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    Ukraine Links New Attacks in East to 'External Aggression' by Russia



    Ukraine says Saturday's attacks by pro-Russian militants in eastern Ukraine are "an act of external aggression" by Russia, and says security officials are preparing to implement "an operational response plan."

    Interior Minister Arsen Avakov's evaluation appeared on Facebook Saturday, shortly after armed militants seized more government buildings in the Russian-speaking east, including police headquarters in the key industrial city of Donetsk. Avakov's Internet posting also said gunfire erupted to the north in Kramatorsk and that police responded. He also said militants carried Russian weapons.

    The takeover of police facilities in Donetsk prompted the city's police chief to resign, while elsewhere, Western news accounts late Saturday said militants controlled the eastern city of Sloviansk.

    Meanwhile, the United States has called on Russia to "cease all efforts" to destabilize Ukraine. A White House National Security Council spokeswoman said Saturday the United States is concerned that Russian separatists -- with apparent support from Moscow -- are "inciting violence and sabotage" against the Ukrainian state.

    In Moscow, Russian state television reports Foreign Minister Sergei Lavrov told U.S. Secretary of State John Kerry Saturday that the crisis is caused by the Kyiv government ignoring "the legitimate needs and interests of the Russian and Russian-speaking population" of the region.



    Lavrov also warned that any use of force by Kyiv could undermine diplomatic efforts to resolve the crisis.

    Moscow has repeatedly denied any role in Ukraine's unrest, which erupted in full two months ago, when anti-Russian protesters in Kyiv forced then-president Viktor Yanukovych to flee the country.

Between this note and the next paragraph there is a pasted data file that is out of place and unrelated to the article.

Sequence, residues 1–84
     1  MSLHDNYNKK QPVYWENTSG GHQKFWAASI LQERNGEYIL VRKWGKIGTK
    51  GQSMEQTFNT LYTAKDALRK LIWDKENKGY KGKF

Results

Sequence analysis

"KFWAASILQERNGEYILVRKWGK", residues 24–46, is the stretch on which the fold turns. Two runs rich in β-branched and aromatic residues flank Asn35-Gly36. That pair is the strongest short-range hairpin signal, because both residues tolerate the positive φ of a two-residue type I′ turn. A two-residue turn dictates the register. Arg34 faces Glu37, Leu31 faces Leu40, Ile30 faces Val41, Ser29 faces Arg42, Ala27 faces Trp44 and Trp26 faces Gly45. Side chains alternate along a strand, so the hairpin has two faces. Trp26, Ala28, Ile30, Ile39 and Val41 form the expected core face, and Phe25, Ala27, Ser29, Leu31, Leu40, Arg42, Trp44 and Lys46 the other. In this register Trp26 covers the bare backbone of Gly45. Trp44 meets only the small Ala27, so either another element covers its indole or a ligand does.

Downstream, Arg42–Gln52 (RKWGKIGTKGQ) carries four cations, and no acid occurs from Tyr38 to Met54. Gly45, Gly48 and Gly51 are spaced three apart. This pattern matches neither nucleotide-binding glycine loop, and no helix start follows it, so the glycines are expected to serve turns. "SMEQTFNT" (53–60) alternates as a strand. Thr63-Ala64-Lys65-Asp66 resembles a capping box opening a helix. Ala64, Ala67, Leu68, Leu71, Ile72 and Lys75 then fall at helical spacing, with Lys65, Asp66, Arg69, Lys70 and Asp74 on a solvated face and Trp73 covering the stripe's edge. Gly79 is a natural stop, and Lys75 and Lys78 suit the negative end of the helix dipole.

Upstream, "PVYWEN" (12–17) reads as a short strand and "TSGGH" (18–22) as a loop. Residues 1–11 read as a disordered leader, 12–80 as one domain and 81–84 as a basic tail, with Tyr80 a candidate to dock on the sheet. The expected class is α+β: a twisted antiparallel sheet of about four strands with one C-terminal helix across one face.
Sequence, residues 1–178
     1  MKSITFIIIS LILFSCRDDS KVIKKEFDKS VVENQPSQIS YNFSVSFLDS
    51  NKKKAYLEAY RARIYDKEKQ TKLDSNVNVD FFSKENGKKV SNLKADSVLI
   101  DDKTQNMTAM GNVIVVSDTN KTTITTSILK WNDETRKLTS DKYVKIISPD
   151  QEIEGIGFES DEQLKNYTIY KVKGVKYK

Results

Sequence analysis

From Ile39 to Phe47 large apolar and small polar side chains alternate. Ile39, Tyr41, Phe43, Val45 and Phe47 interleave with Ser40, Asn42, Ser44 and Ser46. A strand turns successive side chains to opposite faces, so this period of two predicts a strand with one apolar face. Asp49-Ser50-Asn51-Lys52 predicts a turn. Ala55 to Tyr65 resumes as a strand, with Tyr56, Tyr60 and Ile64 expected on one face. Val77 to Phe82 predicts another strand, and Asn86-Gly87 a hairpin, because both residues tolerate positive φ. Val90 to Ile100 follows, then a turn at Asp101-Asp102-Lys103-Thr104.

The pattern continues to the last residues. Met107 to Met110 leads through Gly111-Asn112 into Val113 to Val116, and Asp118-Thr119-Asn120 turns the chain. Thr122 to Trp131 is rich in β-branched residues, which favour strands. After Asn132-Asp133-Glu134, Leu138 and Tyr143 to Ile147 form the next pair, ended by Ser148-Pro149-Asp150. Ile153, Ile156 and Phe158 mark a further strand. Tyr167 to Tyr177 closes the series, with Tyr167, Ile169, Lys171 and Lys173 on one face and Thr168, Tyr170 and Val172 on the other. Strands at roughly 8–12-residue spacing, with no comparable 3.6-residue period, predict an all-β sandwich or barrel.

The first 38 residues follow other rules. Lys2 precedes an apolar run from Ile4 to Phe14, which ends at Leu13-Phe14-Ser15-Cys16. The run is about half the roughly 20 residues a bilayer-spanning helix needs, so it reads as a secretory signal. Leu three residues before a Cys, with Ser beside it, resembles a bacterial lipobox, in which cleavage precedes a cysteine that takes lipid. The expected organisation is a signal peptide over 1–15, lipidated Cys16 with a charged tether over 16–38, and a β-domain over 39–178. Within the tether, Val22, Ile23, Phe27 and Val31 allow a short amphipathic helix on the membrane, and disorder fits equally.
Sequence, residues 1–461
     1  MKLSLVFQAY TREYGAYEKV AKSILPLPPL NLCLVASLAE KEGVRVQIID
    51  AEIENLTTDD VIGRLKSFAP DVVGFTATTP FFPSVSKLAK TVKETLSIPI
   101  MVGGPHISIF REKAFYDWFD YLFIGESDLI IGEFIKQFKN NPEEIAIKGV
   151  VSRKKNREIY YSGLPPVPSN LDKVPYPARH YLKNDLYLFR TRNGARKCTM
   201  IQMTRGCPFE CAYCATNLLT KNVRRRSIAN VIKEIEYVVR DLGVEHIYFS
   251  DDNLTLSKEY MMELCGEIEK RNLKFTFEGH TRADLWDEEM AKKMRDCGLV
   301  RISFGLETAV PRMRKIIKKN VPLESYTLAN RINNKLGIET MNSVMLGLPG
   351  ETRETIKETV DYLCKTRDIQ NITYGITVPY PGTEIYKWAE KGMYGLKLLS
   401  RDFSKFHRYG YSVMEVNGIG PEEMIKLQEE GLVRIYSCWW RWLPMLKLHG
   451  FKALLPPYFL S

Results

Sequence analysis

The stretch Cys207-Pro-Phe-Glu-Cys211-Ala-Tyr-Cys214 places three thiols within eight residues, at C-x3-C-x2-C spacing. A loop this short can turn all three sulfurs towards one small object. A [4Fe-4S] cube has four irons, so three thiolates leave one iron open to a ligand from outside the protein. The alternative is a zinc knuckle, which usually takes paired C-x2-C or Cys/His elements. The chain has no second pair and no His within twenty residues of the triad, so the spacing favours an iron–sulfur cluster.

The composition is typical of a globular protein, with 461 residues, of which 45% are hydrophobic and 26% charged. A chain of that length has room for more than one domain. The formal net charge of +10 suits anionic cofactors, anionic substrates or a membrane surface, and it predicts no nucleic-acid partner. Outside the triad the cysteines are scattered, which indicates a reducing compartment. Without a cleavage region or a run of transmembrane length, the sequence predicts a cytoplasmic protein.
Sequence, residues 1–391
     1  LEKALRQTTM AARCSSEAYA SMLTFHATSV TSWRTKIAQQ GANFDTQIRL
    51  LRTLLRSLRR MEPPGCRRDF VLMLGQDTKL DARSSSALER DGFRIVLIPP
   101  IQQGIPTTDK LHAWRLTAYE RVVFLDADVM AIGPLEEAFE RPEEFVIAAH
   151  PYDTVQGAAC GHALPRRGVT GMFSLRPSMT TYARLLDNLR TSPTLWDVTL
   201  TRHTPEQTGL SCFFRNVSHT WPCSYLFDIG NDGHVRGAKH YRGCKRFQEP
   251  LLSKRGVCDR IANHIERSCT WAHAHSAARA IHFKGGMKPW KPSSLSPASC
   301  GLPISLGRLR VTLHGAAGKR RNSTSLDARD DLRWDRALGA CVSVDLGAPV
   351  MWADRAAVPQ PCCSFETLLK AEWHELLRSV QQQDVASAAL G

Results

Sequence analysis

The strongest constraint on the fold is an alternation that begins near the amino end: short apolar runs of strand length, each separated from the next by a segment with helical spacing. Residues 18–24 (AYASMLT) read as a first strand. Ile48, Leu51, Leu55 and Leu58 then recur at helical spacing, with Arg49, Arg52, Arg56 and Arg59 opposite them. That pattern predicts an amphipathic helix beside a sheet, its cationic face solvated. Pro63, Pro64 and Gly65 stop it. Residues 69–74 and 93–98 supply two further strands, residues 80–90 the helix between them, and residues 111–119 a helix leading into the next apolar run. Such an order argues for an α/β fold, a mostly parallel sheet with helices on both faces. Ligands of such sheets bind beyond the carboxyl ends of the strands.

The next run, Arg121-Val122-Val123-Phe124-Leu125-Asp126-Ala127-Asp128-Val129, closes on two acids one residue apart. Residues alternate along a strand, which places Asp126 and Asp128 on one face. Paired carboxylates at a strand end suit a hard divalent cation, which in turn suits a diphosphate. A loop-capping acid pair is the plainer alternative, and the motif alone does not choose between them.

Despite Moscow's denials, Kyiv and a host of Western governments have cited overwhelming evidence of Russian involvement, including the presence of thousands of Russian troops that infiltrated the Crimean peninsula ahead of last month's secession referendum.

    Days after that vote, the Russian parliament voted to annex the peninsula, prompting the United States and the European Union to impose economic and travel sanctions on Moscow.

    There were other signs of heightened cross-border tensions Saturday, with the Kyiv government saying it is suspending natural gas payments to Moscow. Details of the move were not immediately clear.

    Moscow says its neighbor owes $ 2.2 billion in payment arrears. Early this month, the Russian energy giant Gazprom announced two price increases that effectively raise Ukrainian gas costs by about 80 percent. Additionally, Russian President Vladimir Putin has hinted that Moscow may begin demanding energy payments from Kyiv at the time of delivery.

    Top diplomats from Russia, the United States, Ukraine and the European Union are set to hold emergency talks on the crisis April 17 in Geneva. The White House says U.S. Vice President Joe Biden will travel to Kyiv April 22nd.

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